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Re: Your favorite reference books

Post by Lupine »

You should also try out The Timetables of History by Bernard Grun. Bare-bones, but tons of info.
I should also add to my list, along with Timetables..., A Field Guide to Rocks and Minerals by Frederick H. Pough, What Happened When by Gordon Carruth (that came with a "Carmen Santiago" game), The Encyclopedia of Dinosaurs , Weeds of the West, Grammatically Correct by Anne Stilman, The Atlas of Early Man, by Jacquetta Hawkes, The Illustrated History of Weaponry by Chuck Wills, and The Bible Unearthed by Israel Finkelstein and Neil Asher Silberman. That last one is great for when anyone tries to convince you how historically accurate the Bible is.
RJDiogenes wrote: I also have a bunch of those Time-Life book series that I bought ages ago: History of the United States, Great Ages of Man, Great Cities, and a couple of others.
I have a few of the Time-Life books in back as well; Our Fabulous Century is pretty good. plus a bunch of others.
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Re: Your favorite reference books

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I put Timetables Of History in my Shopping Cart; English Through The Ages seems to be out of print.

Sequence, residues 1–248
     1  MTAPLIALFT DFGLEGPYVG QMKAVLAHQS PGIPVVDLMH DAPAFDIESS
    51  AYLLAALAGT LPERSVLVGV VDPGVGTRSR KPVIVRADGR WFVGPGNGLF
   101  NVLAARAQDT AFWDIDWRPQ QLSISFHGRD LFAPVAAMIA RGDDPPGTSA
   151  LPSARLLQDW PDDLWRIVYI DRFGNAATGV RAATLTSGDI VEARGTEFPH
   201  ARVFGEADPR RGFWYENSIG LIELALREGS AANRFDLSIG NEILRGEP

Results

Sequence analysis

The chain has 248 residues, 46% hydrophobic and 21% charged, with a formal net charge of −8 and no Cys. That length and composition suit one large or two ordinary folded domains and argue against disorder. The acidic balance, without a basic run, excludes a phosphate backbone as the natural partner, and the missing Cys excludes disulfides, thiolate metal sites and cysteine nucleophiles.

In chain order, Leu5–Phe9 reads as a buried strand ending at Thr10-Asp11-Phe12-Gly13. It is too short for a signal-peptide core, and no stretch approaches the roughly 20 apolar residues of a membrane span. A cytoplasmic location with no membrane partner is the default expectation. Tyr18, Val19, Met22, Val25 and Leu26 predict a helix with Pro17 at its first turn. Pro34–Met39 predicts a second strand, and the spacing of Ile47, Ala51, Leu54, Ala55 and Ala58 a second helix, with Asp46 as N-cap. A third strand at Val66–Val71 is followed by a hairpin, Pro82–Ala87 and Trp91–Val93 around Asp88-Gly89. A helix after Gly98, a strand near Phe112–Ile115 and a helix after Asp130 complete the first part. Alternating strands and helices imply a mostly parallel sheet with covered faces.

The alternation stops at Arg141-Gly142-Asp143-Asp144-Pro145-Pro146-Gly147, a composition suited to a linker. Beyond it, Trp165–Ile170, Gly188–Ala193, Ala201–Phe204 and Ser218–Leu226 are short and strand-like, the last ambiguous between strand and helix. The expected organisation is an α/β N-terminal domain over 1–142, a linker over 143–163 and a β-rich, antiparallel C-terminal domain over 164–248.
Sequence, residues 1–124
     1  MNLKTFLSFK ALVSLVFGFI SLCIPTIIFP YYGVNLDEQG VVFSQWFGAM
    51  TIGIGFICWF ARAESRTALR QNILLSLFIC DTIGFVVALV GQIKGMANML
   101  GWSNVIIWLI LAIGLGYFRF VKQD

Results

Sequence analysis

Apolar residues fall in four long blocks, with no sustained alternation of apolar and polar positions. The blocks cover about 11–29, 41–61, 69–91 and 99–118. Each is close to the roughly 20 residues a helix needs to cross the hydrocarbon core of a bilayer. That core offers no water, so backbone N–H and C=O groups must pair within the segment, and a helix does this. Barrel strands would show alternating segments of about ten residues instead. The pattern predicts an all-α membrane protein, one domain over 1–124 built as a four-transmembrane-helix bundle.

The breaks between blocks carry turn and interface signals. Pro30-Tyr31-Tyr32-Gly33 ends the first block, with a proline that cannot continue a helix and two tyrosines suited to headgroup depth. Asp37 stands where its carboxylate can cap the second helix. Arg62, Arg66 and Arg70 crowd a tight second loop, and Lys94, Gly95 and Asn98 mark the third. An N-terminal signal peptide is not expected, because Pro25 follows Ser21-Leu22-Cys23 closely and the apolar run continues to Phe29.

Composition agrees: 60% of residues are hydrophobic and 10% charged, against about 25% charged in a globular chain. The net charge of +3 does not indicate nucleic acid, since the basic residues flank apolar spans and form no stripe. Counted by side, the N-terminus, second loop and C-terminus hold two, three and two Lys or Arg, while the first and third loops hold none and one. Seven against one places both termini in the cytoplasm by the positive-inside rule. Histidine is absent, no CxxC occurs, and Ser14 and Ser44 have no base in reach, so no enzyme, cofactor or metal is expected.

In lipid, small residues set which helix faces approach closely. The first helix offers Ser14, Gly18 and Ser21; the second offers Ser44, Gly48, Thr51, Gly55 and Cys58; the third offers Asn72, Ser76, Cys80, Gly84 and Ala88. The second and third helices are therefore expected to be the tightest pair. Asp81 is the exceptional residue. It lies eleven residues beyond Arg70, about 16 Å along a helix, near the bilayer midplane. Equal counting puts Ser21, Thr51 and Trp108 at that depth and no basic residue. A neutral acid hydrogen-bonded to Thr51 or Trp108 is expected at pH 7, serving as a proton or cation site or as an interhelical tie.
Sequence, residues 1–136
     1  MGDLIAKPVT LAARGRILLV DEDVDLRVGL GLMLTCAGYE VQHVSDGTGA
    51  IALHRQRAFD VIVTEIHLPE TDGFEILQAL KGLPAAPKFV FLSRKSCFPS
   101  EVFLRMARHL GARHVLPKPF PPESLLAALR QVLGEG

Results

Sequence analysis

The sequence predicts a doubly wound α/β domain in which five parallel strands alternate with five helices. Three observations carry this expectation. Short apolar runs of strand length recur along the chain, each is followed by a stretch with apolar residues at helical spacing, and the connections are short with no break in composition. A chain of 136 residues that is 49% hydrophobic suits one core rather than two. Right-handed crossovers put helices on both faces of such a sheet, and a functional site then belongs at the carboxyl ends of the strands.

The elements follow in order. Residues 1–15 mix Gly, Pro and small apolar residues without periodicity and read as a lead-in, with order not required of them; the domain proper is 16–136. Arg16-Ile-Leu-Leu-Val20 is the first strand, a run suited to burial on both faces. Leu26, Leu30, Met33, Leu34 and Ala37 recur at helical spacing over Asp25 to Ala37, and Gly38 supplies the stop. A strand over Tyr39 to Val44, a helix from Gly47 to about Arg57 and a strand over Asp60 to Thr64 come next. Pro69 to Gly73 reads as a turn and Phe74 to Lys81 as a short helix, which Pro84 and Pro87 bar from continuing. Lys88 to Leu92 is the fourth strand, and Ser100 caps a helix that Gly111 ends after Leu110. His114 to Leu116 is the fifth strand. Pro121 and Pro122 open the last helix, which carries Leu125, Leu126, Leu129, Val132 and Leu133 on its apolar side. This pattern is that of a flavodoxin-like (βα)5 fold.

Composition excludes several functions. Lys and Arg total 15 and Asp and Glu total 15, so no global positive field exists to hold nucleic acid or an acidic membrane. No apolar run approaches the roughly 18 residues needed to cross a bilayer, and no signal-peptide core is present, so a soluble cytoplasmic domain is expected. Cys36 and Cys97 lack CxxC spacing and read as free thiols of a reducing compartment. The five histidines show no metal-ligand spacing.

I do have a couple of encyclopedias of Dinosaurs and other extinct animals (as well as Mythological animals). Speaking of the Bible, I have a couple of nice reference books on the Apocrypha. I just got a nice book from Scientific American Book Club called The Compendium Of Physics that looks like it has a lot of great info in encyclopedia format.
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Re: Your favorite reference books

Post by Lupine »

I think that The Case for Pluto will be kept around my desk. In addition to detailing the fiasco at Prague (and that meeting really was a mess) but the book also goes into detail about the dwarf planets like Eris, Haumea, and Makemake. This are fairly new bodies so my other books don't cover them.
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Re: Your favorite reference books

Post by Sean »

I don't do a whole lot of writing, so mine aren't really writing based, but I have a few I've come to rely on in a pinch.

501 French Verbs has been a godsend...provides all possible conjugations to 501 verbs most commonly used in the French language, and helps you with those that aren't in the book, as most follow a similar pattern.

The Last Lecture ...I don;t think this was written as a reference book, but it has become my stand by if I need to wipe my mind clean, or think of something inspirational to say. Quite a good read as well.

Those are the only two "reference texts" that populate my desk at the moment...
"The difference between a violin and a viola is that a viola burns longer."-Victor Borge

"I have been busier than a one armed worm caught in a tape dispenser."- Astrosmurf, Tuesday July 22, 2008
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Re: Your favorite reference books

Post by RJDiogenes »

I have several language books as well, including a Latin dictionary, as I sometimes like to have characters spout words and phrases in another language. Several years ago, I bought a Cherokee dictionary that is interesting, but close to useless-- it's Cherokee-to-English only. :lol: